New York Giants: zack bowman

Giants Camp Report: Day 16

August, 14, 2014
Aug 14
EAST RUTHERFORD, N.J. -- A daily review of the hot topics coming out of New York Giants training camp:
  • OK, so now I think the Giants' offense is just trolling us. There was a play Thursday when Eli Manning looked right, Rueben Randle cut up the field but Manning threw short and cornerback Zack Bowman intercepted the pass and ran it back into the end zone. Which is the exact same thing that happened in the Giants' loss to the Bears in Chicago last October -- right down to Bowman, who was playing corner for the Bears that night! That had to be staged, right? Like some kind of obscure Civil War battle re-enactment? Maybe they're just messing with us and they're going to be the 2013 Eagles offense when the curtain goes up next month. Think about it.
  • Tom Coughlin said Curtis Painter would be the No. 2 quarterback behind Manning on Saturday night in Indianapolis, which is a change from the first two preseason games, in which Ryan Nassib was. And it's not a coincidence -- it's because Painter is playing better. Asked whether this was the plan all along or whether that's just where things stand right now, Coughlin said the latter.
  • Wide receiver Victor Cruz had a strong practice, beating slot cornerback Walter Thurmond for one of the few times this camp and scoring on an Eli Manning pass up the seam.
  • Rookie Odell Beckham Jr. continues to do more and more, and his hamstring is feeling better to an extent that he's able to be a bit less careful out there. He caught a pass from Nassib with Ross Weaver in coverage and fell to the ground with Weaver tumbling on top of him. He got up without issue and walked back to the sideline. Beckham won't play Saturday, but Coughlin said they believe he'll play in next week's preseason game against the Jets.
  • The Giants are lining up fullback Henry Hynoski all over the field, and had him split out wide on one play in practice Thursday, though Coughlin said the idea of lining Hynoski up at the line is far fetched. "Up position, wing position, all over the backfield," Coughlin said. Hynoski's versatility could be important for a team struggling to find answers at tight end.
  • Tight end Daniel Fells continues to miss practice with a knee injury. Return man Trindon Holliday continues to miss practice with a hamstring injury. Defensive tackle Mike Patterson (shoulder) was back at practice Thursday.
  • Coughlin, GM Jerry Reese and Eli Manning all took the ice bucket challenge for ALS after practice.
  • Though they will continue to practice in the same place and at the same times next week as they have been for the past three, Thursday was the last official day of Giants "training camp." So no more practices open to the public. The team is off Friday and will travel to Indianapolis for Saturday night's preseason game against the Colts.

W2W4: New York Giants

August, 9, 2014
Aug 9
EAST RUTHERFORD, N.J. -- The New York Giants (1-0) take on the Pittsburgh Steelers (0-0) in their second game of the preseason Saturday night at MetLife Stadium.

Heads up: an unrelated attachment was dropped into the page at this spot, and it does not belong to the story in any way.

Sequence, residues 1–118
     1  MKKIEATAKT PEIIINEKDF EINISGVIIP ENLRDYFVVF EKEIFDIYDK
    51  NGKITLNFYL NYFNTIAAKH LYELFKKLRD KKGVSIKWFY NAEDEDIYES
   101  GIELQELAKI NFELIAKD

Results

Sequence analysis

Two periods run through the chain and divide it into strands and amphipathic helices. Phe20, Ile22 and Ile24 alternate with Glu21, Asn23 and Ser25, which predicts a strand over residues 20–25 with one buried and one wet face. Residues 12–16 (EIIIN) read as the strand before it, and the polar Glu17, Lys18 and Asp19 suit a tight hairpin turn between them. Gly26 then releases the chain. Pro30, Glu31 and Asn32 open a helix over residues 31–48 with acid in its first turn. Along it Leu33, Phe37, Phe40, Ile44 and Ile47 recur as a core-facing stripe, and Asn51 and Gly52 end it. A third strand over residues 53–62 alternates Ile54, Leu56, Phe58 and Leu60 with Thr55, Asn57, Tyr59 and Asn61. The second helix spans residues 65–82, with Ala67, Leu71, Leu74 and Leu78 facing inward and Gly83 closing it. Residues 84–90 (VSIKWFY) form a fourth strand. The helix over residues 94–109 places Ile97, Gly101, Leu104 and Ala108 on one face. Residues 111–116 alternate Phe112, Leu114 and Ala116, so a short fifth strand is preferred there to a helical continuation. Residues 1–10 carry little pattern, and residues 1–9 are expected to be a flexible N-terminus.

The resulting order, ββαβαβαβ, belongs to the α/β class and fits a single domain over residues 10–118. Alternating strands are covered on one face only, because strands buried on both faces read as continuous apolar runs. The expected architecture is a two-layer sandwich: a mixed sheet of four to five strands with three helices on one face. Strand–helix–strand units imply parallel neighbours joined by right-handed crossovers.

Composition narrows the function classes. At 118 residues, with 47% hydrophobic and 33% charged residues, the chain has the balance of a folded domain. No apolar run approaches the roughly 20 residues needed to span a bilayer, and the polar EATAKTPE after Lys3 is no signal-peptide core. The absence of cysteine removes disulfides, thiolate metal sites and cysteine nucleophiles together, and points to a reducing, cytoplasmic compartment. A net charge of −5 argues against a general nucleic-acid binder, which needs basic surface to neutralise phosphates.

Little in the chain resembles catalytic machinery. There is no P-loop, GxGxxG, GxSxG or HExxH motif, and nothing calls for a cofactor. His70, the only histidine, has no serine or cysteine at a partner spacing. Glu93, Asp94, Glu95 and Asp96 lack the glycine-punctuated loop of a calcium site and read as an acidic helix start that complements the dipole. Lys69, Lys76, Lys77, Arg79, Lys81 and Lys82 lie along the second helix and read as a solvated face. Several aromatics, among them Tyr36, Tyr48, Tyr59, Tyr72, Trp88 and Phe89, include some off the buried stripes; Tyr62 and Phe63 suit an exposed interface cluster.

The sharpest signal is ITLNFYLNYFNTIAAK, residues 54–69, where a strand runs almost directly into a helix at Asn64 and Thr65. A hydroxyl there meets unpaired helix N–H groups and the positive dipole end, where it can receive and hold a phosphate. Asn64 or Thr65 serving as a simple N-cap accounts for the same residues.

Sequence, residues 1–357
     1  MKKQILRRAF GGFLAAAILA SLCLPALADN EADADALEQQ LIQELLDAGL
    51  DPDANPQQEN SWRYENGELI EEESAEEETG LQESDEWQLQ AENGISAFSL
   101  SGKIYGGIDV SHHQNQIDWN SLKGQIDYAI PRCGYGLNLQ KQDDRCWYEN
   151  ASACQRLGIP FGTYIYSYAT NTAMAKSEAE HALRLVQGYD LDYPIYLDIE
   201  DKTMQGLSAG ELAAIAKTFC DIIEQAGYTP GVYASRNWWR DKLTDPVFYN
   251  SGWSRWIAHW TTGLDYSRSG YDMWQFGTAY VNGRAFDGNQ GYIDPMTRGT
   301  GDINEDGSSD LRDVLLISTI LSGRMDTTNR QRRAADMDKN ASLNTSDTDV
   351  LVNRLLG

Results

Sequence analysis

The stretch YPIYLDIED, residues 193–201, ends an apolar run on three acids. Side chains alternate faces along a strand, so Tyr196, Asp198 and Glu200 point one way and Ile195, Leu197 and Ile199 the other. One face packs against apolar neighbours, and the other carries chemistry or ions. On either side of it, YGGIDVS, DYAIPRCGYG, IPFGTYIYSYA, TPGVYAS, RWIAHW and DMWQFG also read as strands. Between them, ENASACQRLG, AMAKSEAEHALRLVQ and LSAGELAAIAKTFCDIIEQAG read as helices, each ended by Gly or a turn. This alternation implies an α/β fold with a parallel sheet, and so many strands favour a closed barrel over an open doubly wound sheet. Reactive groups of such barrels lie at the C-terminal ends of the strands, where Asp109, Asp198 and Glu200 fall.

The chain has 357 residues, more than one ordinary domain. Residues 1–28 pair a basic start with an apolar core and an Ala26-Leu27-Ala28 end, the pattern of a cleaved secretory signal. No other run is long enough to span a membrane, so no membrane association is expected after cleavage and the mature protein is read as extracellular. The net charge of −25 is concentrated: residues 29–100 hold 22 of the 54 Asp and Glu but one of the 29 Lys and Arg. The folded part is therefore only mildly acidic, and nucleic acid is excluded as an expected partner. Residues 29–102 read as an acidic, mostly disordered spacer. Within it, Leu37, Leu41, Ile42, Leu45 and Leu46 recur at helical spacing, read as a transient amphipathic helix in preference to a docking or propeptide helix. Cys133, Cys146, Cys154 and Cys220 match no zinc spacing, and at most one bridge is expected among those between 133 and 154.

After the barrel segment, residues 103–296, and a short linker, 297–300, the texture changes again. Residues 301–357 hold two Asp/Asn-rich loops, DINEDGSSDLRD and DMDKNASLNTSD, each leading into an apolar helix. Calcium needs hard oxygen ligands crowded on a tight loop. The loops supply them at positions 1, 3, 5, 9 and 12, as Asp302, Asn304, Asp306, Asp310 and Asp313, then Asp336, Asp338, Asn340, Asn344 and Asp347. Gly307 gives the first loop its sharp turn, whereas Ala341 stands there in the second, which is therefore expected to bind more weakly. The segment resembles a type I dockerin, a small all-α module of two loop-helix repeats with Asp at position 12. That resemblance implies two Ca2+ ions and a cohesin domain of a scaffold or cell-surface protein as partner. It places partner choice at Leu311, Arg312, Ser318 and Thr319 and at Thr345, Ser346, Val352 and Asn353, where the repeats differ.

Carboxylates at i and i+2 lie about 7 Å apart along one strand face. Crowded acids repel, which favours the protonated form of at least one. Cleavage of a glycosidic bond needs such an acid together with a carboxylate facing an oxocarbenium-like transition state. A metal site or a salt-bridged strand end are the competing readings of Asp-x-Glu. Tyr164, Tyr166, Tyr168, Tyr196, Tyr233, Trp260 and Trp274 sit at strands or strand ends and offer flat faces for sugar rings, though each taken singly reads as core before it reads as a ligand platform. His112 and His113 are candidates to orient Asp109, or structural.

1. The pass rush: Damontre Moore looked good against a rookie backup tackle Sunday night in Canton, but I was expecting more than I saw from Jason Pierre-Paul in the short time the first team was on the field. Steelers quarterback Ben Roethlisberger (assuming he plays) poses a tough test for a pass rush because of his mobility in and outside of the pocket. But it'll be interesting to see whether the Giants' defensive ends can get into the backfield and help dictate the action. They only had 33 sacks last year. Justin Tuck, who had 11 of them, is no longer on the team. Pierre-Paul must deliver at a high level this year, and it would help the Giants' optimism about this critical aspect of their defense to see him wreak havoc against a real opponent, even in a meaningless game.

2. The passing offense: The Giants' first-team offense only looked effective Sunday when it was running the ball -- and against a backup defensive line, at that. They definitely want to lean on the run, but they'd also like to get their short, quick passing game going at some point this preseason. They still don't have first-round wide receiver Odell Beckham Jr. (hamstring) on the field, but that means more opportunity for guys like Marcus Harris, Corey Washington and Preston Parker, who are trying to earn roster spots. Can Victor Cruz get open in the slot and show an ability to turn a short pass into a long gain? His position in your next fantasy draft could depend on it.

3. The secondary: This looks like the star unit of the team on either side of the ball, but defensive coordinator Perry Fewell said this week that the question was "Can we get them to play together?" I have other questions. Is Dominique Rodgers-Cromartie really a lock-down corner who can play the opposing team's No. 1 receiver every week? (And which superhero cleats will he wear?) Will Prince Amukamara's determination to increase his interception total pay off? Will Walter Thurmond continue to dominate other team's slot receivers the way he's been handling Victor Cruz in practice every day? Does Zack Bowman continue to force his way into the mix with his physical style? And speaking of physical style, will this group get called for fewer downfield penalties in this game than it did Sunday?

Giants Camp Report: Day 12

August, 7, 2014
Aug 7
EAST RUTHERFORD, N.J. -- A daily review of the hot topics coming out of New York Giants training camp: